So, corporate executives are saying, it sounds like we need to be doing something about this “blogging” thing. So what do we do? According to Marketing Sherpa, there are five steps for major corporations launching blogs: set goals, assemble stakeholders, decide who can blog, write a formal blogging policy, and announce the policy. Sounds sensible, right? Not according to Robert Scoble, the most-read of the 1,000 plus Microsoft employees blogging to the world at large. “Oh joy, we’re going to get more committee-run blogs… Wrong first step, too. The right first step is to read blogs!” Robert provides a link to one of the more outspoken (and unauthorised) Microsoft bloggers, whose disclaimer on his Mini-Microsoft blog reads:
These are sole individual personal points-of-view and the posts and comments by the participants in no way represent the official point-of-view of Microsoft or any other organization. This is a discussion to foster debate and by no means an enactment of policy-violation. These posts are provided “as-is” with no warranties and confer no rights. So chill. And think.
In one recent post, Mini points to problems with the release of Visual Studio 2005, which may have been done before the product was mature. Immediately, Channel 9, the blogging and communication site for Microsoft developers, which is visible to outsiders, took up the issue and debated it. No stonewalling and corporate PR. Customers got to see what Microsoft developers personally thought about it, including strong reservations. Do customers trust Microsoft more as a result? Absolutely. They know they are seeing the reality of the debate, not just the corporate hype. Incidentally, all Microsoft blogs are stated to express personal opinions, not corporate ones.
Yes corporates do need to start with having some clarity on what they are doing, and establish appropriate parameters for blogging. But if this results in exactly the same communication as you get from the PR machinery, why bother? It’s just pretending that you believe in genuine discussions with your community. I should also add that the discussion about corporate blogging over-emphasizes external communication. Blogging is absolutely an immensely powerful tool to improve every aspect of your external relationships, not just in reputation management, branding, and loyalty, but also in areas like customer-driven innovation and quality improvement. However the use of blogs and other social software “inside the firewall” is equally important, as it represents the next phase of effective communication in large organizations, moving on from email and intranets, which today constrain as much as they enable effective collaboration and work.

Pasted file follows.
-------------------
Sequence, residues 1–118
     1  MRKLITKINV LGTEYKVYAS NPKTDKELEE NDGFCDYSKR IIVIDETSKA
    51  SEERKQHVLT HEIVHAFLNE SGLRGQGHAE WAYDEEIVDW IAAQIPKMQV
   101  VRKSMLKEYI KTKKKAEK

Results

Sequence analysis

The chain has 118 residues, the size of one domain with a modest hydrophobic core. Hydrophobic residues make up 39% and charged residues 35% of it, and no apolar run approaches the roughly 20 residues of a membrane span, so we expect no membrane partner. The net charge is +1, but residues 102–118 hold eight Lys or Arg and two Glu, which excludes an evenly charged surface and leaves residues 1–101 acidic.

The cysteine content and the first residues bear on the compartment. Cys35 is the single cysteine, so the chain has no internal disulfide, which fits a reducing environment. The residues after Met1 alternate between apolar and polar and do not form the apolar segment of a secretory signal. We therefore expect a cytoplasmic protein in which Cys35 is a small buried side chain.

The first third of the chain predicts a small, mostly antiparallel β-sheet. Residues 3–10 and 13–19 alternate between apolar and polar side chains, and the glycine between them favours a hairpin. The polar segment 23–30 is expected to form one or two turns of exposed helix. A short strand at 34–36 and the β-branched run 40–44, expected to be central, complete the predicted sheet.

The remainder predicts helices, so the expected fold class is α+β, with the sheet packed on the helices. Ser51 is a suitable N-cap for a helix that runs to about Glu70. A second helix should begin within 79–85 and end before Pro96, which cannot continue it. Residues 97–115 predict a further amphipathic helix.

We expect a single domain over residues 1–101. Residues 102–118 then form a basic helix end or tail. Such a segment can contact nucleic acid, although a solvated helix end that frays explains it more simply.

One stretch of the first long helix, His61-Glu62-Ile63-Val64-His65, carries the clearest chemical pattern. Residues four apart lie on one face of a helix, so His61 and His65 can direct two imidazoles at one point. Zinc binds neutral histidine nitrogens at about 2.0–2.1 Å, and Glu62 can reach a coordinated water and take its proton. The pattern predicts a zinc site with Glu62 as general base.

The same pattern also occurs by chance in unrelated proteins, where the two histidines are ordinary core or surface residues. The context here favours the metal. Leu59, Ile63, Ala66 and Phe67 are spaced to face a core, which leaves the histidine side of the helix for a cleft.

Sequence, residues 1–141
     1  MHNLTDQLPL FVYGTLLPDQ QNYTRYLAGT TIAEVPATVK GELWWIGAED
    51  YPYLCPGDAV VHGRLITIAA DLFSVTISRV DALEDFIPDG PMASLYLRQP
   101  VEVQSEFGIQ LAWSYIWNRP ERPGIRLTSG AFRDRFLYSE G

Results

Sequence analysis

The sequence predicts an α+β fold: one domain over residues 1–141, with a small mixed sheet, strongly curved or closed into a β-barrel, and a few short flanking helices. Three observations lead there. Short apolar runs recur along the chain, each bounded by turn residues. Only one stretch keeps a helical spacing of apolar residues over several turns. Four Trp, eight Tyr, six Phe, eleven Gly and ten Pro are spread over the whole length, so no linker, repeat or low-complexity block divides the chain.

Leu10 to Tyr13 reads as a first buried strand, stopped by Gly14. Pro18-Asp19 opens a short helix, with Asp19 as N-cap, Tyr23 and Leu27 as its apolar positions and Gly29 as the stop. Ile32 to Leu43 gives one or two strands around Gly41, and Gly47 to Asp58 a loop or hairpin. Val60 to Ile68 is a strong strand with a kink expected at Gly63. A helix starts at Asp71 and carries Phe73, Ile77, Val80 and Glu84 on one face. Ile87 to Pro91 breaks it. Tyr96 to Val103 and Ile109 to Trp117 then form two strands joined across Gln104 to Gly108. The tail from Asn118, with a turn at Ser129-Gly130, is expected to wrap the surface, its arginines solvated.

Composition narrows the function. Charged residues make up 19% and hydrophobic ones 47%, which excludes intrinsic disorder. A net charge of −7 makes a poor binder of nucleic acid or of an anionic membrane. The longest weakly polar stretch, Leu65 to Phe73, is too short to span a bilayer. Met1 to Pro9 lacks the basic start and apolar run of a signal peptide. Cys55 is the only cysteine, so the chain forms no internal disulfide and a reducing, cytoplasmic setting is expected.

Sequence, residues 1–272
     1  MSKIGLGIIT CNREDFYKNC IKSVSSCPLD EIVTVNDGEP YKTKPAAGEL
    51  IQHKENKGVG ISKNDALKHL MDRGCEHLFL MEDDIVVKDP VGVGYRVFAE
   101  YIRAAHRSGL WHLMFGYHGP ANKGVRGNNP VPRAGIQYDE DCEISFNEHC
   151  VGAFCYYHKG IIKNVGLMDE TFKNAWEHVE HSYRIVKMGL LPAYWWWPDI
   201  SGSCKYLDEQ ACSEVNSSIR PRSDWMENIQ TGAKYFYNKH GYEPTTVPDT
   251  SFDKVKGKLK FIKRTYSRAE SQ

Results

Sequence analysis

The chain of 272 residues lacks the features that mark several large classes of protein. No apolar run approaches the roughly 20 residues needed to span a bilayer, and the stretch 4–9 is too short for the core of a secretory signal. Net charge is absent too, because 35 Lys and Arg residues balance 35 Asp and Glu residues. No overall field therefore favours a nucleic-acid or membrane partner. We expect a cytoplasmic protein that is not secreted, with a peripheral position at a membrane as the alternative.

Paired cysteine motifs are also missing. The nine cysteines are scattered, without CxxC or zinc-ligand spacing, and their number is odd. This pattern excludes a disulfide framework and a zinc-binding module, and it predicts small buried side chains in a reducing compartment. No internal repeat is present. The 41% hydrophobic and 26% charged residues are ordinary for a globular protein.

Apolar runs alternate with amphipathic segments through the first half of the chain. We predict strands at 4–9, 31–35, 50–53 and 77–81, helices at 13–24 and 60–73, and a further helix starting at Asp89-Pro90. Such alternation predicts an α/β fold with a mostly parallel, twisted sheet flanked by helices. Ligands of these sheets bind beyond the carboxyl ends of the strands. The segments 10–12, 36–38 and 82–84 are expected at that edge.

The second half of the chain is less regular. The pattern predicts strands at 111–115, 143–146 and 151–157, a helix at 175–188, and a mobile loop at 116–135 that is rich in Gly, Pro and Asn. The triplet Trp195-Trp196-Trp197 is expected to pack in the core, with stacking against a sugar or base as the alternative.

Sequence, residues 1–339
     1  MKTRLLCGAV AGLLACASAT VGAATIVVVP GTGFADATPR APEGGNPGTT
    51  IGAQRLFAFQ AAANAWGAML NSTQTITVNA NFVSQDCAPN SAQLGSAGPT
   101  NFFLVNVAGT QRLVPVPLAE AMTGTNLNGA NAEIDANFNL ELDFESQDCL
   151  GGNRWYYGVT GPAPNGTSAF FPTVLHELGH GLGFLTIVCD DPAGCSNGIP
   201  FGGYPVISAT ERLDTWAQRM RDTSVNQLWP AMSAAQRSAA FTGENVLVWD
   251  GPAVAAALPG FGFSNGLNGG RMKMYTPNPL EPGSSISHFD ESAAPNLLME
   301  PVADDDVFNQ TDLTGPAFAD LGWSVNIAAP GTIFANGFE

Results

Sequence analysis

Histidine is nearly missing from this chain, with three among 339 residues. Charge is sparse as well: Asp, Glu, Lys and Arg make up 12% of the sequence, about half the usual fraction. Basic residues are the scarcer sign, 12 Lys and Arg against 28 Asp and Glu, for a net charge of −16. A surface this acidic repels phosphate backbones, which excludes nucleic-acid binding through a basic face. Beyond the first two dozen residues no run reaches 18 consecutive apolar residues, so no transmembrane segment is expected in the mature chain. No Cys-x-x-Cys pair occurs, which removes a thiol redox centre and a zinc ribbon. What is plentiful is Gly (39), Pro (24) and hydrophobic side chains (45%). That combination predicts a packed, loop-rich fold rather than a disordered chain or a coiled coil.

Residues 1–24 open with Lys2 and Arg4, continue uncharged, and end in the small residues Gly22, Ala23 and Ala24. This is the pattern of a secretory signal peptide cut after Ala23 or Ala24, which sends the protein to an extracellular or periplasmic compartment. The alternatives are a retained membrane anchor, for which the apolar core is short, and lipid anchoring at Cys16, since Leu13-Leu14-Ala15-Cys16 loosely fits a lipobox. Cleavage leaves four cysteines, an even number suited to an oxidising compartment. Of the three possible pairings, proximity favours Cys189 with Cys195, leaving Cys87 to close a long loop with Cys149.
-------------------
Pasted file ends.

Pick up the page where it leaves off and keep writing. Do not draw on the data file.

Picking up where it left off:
Update: For a slightly different point of view see this post from former Microsofter Jim Fawcette on how Microsoft’s corporate blogging is helping to steer attention away from “real, insightful, internal criticism of Microsoft… with more bite than gums” such as Mini-Microsoft. Robert Scoble believes he’s the supposed decoy here and says that if that’s his role, he’s failing miserably.